At 23:36:07 CEST (18:36:07 Kourou time), MSG-3 was successfully launched from Kourou, Europe’s Spaceport in French Guiana, on an Ariane-5 launcher to replace the ageing Meteosat-8 and secure continuity of the operational services from the geostationary orbit.
Thursday, 05 July 2012
Alain Ratier, EUMETSAT’s Director-General, said, “Together with Meteosat-9, MSG-3, the future Meteosat-10, will form the two-satellite Meteosat Second Generation system that supports weather forecasters in their time-critical nowcasting tasks. This involves detecting and monitoring rapidly developing high impact phenomena like thunderstorms or fog and issuing related warnings”.
The Meteosat service from geostationary orbit covers the European and African continents and parts of the Atlantic and Indian oceans where tropical cyclones develop.
The geostationary Meteosats also provide a unique observational input to Numerical Weather Prediction models, complementing those delivered by the polar-orbiting Metop satellites, and have already accumulated more than 30 years of climate data records.
"Together with Meteosat-9, MSG-3 will form the two-satellite Meteosat Second Generation system"
The EUMETSAT Director-General congratulated the launch service provider, Arianespace, and the ESA and CNES teams at the Guiana Space Centre in Kourou for another excellent launch service. He also thanked all the teams who prepared the satellite and ground systems for launch, from EUMETSAT, ESA, the European industrial consortium led by Thales Alenia Space, which built the satellite, and from the Rutherford Appleton Laboratory which delivered the GERB instrument.
Preparing MSG-3 for operational service
The MSG-3 satellite will now be brought to its final geostationary orbit by the ESA Space Operations Centre which performs the so-called Launch and Early Orbit Phase operations on behalf of EUMETSAT, until the handover of the spacecraft to the operations team of EUMETSAT, about ten days after launch.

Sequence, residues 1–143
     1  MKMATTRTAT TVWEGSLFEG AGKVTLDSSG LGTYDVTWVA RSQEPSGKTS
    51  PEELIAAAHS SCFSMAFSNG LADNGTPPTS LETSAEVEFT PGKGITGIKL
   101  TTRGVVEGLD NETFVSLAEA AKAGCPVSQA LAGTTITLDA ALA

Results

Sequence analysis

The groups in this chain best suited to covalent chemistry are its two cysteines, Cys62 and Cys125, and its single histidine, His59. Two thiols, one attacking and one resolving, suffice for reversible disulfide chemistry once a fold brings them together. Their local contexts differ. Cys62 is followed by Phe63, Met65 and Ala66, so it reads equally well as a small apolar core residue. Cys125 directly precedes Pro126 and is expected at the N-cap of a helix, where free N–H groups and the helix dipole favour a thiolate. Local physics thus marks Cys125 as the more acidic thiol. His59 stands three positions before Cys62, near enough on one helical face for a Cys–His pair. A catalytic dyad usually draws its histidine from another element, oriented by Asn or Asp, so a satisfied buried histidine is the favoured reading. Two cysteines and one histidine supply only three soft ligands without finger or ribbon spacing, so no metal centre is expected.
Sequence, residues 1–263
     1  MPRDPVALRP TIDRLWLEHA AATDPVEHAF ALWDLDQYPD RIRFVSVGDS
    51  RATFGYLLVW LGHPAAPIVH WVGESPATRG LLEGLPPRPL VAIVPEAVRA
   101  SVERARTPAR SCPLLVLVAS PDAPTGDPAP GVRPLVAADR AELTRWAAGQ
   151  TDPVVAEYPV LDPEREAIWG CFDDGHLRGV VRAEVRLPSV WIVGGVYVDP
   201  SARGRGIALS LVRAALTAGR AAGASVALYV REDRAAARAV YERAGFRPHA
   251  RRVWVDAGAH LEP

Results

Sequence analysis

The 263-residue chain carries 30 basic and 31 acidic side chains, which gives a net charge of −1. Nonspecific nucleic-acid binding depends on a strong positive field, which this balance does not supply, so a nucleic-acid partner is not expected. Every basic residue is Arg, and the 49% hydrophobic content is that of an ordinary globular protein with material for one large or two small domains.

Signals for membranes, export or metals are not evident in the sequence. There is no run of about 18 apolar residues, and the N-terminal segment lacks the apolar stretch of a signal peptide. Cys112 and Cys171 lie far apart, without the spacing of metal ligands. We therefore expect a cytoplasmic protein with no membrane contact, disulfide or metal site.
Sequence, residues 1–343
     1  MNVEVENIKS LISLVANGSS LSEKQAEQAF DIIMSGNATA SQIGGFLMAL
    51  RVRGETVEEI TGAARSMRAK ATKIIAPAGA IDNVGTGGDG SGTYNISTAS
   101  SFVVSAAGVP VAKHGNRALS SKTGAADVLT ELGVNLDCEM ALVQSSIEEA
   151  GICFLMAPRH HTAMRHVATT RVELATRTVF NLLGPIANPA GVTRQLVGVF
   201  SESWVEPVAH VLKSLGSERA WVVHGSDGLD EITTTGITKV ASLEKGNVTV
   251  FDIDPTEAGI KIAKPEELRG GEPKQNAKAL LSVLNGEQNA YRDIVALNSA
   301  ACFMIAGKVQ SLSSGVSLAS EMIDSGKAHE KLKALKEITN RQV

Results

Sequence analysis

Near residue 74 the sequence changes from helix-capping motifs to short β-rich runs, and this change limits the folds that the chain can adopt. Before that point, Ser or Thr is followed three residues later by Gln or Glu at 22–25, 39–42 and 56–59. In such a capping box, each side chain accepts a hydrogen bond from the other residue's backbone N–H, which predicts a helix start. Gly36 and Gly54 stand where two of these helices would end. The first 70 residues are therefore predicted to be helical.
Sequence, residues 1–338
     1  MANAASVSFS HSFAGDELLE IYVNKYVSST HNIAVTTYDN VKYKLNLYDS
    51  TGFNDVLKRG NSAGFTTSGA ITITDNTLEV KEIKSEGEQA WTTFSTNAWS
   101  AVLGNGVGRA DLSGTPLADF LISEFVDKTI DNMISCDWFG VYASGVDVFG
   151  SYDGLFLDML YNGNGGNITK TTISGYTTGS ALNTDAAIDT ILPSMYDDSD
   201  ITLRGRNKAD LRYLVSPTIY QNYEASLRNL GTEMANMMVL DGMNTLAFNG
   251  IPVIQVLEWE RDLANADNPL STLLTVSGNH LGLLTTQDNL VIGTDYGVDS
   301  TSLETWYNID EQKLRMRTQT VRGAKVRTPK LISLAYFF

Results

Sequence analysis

After the handover to EUMETSAT, the commissioning period will begin. It consists of a two-month phase for satellite check out and assessment; followed by a four-month phase for imaging and product testing, including calibration and validation activities. The release of the first image generated by the SEVIRI imager on board MSG-3 will be an important milestone in the second week of August.
The European Organisation for the Exploitation of Meteorological Satellites is an intergovernmental organisation based in Darmstadt, Germany, currently with 26 European Member States (Austria, Belgium, Croatia, Czech Republic, Denmark, Finland, France, Germany, Greece, Hungary, Ireland, Italy, Latvia, Luxembourg, the Netherlands, Norway, Poland, Portugal, Romania, Slovakia, Slovenia, Spain, Sweden, Switzerland, Turkey and the United Kingdom) and five Cooperating States (Bulgaria, Estonia, Iceland, Lithuania, and Serbia).
EUMETSAT operates the geostationary satellites Meteosat-8 and -9 over Europe and Africa, and Meteosat-7 over the Indian Ocean.
Metop-A, the first European polar-orbiting meteorological satellite, was launched in October 2006 and has been delivering operational data since 15 May 2007.
The Jason-2 ocean altimetry satellite, launched on 20 June 2008, added monitoring of sea state, ocean currents and sea level change to the missions EUMETSAT conducts.
The data and products from EUMETSAT’s satellites are vital to weather forecasting and make a significant contribution to the monitoring of environment and the global climate.
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